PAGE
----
Mr. Steve Clark: I beg leave to present a report from the Standing Committee on Social Policy and move its adoption.

The Clerk-at-the-Table (Mr. Christopher Tyrell): Your committee begs to report the following bill without amendment:

Bill 188, An Act to amend the Child, Youth and Family Services Act, 2017 and various other Acts / Projet de loi 188, Loi modifiant la Loi de 2017 sur les services à l’enfance, à la jeunesse et à la famille et diverses autres lois.

The Speaker (Hon. Ted Arnott): Shall the report be received and adopted? Agreed? Agreed.

Report adopted.

The Speaker (Hon. Ted Arnott): The bill is therefore ordered for third reading.

Standing Committee on Public Accounts

Mr. Tom Rakocevic: I beg leave to present a report on Value-for-Money Audit: Ontario Energy Board: Electricity Oversight and Consumer Protection, 2022 Annual Report of the Office of the Auditor General of Ontario, from the Standing Committee on Public Accounts and move the adoption of its recommendations.

The Speaker (Hon. Ted Arnott): Mr. Rakocevic presents the committee’s report and moves the adoption of its recommendations.

Does the member wish to make a brief statement?

Mr. Tom Rakocevic: I do, Speaker, thank you.

As Chair of the Standing Committee on Public Accounts, I’m pleased to table the committee’s report. I would like to take this opportunity to thank the permanent membership of the committee and substitute members who participated in the public hearings and report-writing process.

The committee extends its appreciation to officials from the Ministry of Energy and the Ontario Energy Board.

The committee also acknowledges the assistance provided by the Office of the Auditor General, the Clerk of the Committee, and legislative research.

With that, I move adjournment of the debate.

The Speaker (Hon. Ted Arnott): Mr. Rakocevic moves the adjournment of the debate. Is it the pleasure of the House that the motion carry? Carried.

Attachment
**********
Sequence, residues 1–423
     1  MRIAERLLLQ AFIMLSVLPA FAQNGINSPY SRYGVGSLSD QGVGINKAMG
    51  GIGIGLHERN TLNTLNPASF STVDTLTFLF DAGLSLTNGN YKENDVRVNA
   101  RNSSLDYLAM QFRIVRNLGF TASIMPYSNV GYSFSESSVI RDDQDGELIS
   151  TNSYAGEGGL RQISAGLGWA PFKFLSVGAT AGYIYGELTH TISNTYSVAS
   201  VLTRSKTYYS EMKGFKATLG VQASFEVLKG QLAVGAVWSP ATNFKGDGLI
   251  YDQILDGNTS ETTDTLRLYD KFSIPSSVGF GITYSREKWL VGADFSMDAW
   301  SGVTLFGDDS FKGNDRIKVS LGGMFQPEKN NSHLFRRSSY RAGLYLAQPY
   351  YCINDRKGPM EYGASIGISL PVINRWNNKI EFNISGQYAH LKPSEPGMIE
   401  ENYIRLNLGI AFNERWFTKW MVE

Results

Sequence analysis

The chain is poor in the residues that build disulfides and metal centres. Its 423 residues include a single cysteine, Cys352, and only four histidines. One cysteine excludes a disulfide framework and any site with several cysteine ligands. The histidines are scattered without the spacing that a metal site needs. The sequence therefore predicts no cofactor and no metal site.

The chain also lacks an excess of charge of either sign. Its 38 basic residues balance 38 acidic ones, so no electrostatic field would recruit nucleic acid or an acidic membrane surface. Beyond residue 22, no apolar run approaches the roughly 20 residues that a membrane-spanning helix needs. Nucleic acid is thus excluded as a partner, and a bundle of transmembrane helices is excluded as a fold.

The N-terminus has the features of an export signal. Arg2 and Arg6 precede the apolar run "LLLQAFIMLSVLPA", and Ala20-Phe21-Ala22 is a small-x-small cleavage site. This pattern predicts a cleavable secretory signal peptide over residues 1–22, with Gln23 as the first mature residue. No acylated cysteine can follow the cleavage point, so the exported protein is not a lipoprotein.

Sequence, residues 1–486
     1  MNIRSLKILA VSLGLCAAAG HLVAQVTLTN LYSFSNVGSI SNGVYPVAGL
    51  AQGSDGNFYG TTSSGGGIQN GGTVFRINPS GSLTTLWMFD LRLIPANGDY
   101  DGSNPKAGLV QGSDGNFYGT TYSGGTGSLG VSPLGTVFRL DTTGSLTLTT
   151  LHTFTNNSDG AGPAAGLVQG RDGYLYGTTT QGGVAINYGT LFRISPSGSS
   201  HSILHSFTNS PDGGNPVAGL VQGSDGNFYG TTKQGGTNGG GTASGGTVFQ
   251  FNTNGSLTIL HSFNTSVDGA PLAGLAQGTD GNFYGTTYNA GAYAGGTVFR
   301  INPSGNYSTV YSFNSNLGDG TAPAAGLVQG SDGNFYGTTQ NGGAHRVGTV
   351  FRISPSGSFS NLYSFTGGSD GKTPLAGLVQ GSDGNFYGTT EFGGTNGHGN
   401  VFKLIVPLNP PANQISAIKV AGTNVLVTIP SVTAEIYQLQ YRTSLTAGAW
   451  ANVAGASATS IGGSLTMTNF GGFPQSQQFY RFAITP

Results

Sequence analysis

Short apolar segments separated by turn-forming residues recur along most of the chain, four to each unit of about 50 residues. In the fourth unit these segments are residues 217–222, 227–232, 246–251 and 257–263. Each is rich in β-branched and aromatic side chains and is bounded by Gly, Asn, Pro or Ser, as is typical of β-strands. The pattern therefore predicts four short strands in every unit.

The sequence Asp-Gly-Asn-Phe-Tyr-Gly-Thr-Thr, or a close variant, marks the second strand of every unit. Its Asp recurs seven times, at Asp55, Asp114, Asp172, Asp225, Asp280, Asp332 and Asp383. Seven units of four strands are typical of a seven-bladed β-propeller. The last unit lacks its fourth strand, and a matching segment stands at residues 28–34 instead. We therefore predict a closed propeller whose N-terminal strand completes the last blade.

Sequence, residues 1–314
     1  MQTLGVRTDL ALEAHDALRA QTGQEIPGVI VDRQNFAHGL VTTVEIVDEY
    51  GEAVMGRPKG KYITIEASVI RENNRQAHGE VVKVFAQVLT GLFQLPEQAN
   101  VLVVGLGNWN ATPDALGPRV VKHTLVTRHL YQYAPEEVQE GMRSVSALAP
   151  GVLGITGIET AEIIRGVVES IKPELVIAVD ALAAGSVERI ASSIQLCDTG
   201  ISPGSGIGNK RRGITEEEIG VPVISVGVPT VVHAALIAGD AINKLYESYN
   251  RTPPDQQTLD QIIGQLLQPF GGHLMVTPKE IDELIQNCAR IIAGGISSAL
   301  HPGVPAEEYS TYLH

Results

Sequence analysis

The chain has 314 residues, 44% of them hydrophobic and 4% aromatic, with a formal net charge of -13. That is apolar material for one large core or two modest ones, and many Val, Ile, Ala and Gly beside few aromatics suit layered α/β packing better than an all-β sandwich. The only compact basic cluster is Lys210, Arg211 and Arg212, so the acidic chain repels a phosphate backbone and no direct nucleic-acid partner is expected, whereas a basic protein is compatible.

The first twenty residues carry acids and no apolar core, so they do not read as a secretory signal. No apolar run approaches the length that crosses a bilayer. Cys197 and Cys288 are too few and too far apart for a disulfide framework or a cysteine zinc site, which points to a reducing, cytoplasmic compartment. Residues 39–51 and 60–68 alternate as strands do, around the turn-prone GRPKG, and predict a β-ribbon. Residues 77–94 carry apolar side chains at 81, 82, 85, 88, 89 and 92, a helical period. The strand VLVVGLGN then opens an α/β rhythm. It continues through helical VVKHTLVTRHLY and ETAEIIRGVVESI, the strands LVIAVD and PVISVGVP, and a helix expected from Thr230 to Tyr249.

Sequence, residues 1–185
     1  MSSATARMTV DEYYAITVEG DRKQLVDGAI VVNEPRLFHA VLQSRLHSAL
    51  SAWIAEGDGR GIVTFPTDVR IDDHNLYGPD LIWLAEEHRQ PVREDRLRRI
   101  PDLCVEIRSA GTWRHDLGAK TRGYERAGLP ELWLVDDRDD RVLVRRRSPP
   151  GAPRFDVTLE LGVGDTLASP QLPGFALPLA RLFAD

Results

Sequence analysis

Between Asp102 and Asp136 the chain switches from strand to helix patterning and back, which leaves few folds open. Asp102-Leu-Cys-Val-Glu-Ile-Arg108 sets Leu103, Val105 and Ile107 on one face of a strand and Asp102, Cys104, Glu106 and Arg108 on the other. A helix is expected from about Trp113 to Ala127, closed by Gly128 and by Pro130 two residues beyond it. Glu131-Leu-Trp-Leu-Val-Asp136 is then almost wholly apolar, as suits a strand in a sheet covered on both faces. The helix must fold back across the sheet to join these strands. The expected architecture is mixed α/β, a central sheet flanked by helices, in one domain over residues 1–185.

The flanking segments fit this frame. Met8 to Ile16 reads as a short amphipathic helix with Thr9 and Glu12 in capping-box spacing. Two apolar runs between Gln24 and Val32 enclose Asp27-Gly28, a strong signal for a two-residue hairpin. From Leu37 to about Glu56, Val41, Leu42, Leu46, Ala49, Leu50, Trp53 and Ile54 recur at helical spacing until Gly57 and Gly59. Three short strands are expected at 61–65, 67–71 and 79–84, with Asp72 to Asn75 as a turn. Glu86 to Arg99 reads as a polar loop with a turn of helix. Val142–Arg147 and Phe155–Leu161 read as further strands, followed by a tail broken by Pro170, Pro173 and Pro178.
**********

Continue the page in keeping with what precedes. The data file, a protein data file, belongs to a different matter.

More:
Debate adjourned.


Laboratory services

Miss Monique Taylor: It is unfortunate that I have to bring this petition forward, and I want to thank—

The Speaker (Hon. Ted Arnott): I’m going to remind the members that we don’t allow any debate or editorializing on presentation of petitions. The new standing order requires members to briefly summarize the petition, and they can indicate how many signatures have been attached to it as well as whether or not they support it. “Brevity” is the operative word.

I’ll once again recognize the member for Hamilton Mountain to present her petition.

Miss Monique Taylor: Thank you, Speaker.

I would like to thank the thousands of people who have signed this petition created by OPSEU that discusses the public health labs that are scheduled to close. We have six public health labs across the province, in Timmins, Sault Ste. Marie, Hamilton, Peterborough, Kingston, and Orillia. These labs collect specific water tests and other important natures for sensitive medical tests that are needed in our community each day—like I said, the water tests, and testing for infectious diseases in our local hospitals and long-term-care facilities. People are calling to stop the closures in the six municipalities that I spoke of and to invest in true public health measures to ensure that Ontarians are kept safe.

I wholeheartedly support this petition. I will affix my name to it and give it to page Archibald to bring to the Clerk.

Child care

Ms. Sandy Shaw: Speaker, I have a petition: “A Future for Childcare in Ontario.” As you would know, currently, there are as many as 65,000 new child care workers needed to meet the expected child care demand.

I had a child care day in my riding, and so many people told me that they are unable to access important child care so that they can go to work. The biggest problem is that child care workers—they’re having a difficult time retaining child care workers.

So, to address the workforce shortage, including increased salary, this is an important provision to make sure that we are able to provide the child care that we need in this province.

This petition calls for the immediate establishment of an early years and child care working advisory commission, as part of our ongoing efforts to make sure that parents and children are able to access adequate child care in this province.

I have many, many people in my riding and across Ontario signing this petition. I wholeheartedly agree with this. I’m going to affix my name to it and give it to page Ethan to give to the table.

Addiction services

Mme France Gélinas: I would like to thank all of the supporters of the Spot—this is the supervised consumption site—for their signatures on their petition. You can sort of hear them because they’re outside of the Legislature right now.

Did you know, Speaker, that in Sudbury the overdose death rate is three times higher than in the rest of Ontario?